Derek Jeter Q&A (Cont.)
SI: The day of the spring training press conference in which Alex Rodriguez admitted to using performance-enhancing drugs for three years, you spoke out on behalf of the clean players. David Cone said you took a leadership position and sounded like a player rep. Why did you speak up then?
DJ: The whole thing was, everybody tried to make it sound like that whole era was like it was the Steroid Era, that everybody did it. And I didn't agree with that. So, one, it was annoying. And I felt like it had to be said. Because people were saying, 'Oh, everybody was doing steroids.' No, that's not true. Look at how many people were caught. What, a hundred and something people? So there were a lot of people that didn't do it. So that was irritating.
SI: You played when steroids were easily obtained and used, there was no testing for them and they provided an edge for players. So why wouldn't you use them?
DJ: I'm not trying to sound like anything, but my dad was a drug and alcohol abuse [counselor], so I was pretty well educated about it. Growing up, I was pretty well educated about it. Regardless of what drug it is, alcohol or whatever, my sister and I were always taught about the risks of doing those kinds of things. So my whole thing was that I would never want to disappoint my family. The temptation just wasn't there, you know what I mean? It never crossed my mind.
Then they talk about, 'Oh, everybody knew in clubhouses. Everybody knew this guy was doing this...' Think about it. The position I'm in on our team... If somebody is doing something on our team, who is the last person they would talk to about it? It would probably be me, right? You know what I mean? So I would be the last one. It wasn't like it was an open conversation in clubhouses about what was going on. I never felt that urge to do it because of how I was brought up. And I'm not trying to sound better than anybody else, it's just that growing up with a drug and alcohol counselor . . .
SI: You have a great relationship with Yogi Berra, who has 10 world championship rings. What has it been like getting to know Yogi?
DJ: I always appreciated the ex-players. Being a Yankee, you get spoiled. Old-Timers Day, all these guys coming back, spring training, being around them, you get a chance to get to know them. So I always think you learn a lot by listening. A lot of times young guys come up and know everything and they want to talk all the time, but you can learn a lot by watching and listening. So I like to listen to the old players talk to each other and tell stories.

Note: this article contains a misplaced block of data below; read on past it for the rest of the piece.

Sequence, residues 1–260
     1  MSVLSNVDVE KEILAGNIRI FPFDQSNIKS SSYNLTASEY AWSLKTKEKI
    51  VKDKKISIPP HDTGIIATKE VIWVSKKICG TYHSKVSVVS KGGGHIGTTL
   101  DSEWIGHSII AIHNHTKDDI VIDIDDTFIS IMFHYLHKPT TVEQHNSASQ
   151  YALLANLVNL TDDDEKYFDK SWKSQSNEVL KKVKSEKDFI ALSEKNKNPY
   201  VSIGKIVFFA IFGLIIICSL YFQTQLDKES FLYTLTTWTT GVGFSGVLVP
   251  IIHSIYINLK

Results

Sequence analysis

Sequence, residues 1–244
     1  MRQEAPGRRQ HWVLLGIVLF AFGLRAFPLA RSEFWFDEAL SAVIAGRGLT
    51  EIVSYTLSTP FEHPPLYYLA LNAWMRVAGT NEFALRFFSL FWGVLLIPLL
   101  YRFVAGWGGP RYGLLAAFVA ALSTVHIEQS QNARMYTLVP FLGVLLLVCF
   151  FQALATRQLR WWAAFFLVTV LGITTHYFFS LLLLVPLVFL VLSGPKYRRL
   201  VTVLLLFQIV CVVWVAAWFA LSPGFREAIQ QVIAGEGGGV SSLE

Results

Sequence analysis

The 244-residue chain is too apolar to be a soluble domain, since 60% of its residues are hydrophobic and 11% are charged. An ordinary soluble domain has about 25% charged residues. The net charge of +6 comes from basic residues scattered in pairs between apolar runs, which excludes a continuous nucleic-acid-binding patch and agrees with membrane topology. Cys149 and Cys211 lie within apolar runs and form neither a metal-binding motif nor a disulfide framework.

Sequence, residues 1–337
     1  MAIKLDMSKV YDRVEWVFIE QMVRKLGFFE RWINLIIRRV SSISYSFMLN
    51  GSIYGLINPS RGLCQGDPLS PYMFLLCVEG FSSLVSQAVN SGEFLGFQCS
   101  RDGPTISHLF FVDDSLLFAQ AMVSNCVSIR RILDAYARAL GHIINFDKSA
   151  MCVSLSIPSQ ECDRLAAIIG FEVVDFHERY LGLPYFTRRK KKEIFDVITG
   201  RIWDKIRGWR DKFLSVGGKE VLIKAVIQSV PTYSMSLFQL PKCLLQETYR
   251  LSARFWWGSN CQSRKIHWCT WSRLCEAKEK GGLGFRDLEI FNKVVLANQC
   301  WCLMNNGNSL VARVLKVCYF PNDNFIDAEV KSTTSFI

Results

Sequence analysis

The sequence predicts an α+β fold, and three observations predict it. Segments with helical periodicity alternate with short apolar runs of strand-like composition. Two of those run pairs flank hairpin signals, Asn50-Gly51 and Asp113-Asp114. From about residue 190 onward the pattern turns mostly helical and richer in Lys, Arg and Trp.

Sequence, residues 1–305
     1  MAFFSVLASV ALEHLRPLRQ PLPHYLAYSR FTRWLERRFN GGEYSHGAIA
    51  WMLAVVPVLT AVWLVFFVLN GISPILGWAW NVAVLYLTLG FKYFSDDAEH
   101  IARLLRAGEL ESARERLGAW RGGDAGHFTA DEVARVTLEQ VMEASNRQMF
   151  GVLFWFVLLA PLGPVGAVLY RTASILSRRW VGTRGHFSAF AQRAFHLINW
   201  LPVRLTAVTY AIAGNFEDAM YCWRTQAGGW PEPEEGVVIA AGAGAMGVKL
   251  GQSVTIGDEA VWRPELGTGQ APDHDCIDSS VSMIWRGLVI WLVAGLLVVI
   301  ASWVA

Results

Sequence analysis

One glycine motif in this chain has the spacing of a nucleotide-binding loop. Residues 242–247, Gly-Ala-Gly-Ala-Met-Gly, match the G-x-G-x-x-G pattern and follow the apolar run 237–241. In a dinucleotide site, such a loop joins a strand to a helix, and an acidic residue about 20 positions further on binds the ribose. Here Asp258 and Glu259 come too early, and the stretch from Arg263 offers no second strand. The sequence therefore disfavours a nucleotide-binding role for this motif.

Yogi started teasing me maybe after we won our third one [in 1999]. We won back-to-back and he said, 'You've got three more to go to catch me: five in a row.'
You can't catch Yogi now. They went straight to the World Series then. I get on him all the time. 'Yogi, it doesn't count. You went straight to the World Series.' He says, 'Oh, get out of here.' Yogi's fun. A lot of guys don't think they can't learn from these guys. You can learn a lot. Even if you learn one thing it's going to benefit you.
SI: Do you have any plans for when you are done playing?
DJ: I would like to own a team. I would like to be able to call the shots, be able to make some decisions. You're still a part of a team. You're still competing. I like to compete. I'm competitive by nature. I think it would be fun. Once again, I'm not going to do anything unless it's fun. I think it would be fun. [But] that's down the road.
SI: What about managing or coaching?
DJ: Nooo. Because I'd like to have a family one day. And I'd like to be around [them]. Coaching, you're right back to the same travel [as a player].
SI: What do you like best about baseball?
DJ: I just like the game. I like competing. It's hard to put into words, because it's all I ever wanted to do. I only wanted to play baseball. I only wanted to play shortstop. I only wanted to play for the Yankees. My whole life. It wasn't like I wanted to play for another team and ended up in New York. It wasn't like I wanted to play another position and ended up at short. This has always been the dream of mine: to play shortstop for the New York Yankees. And I get a chance to do it.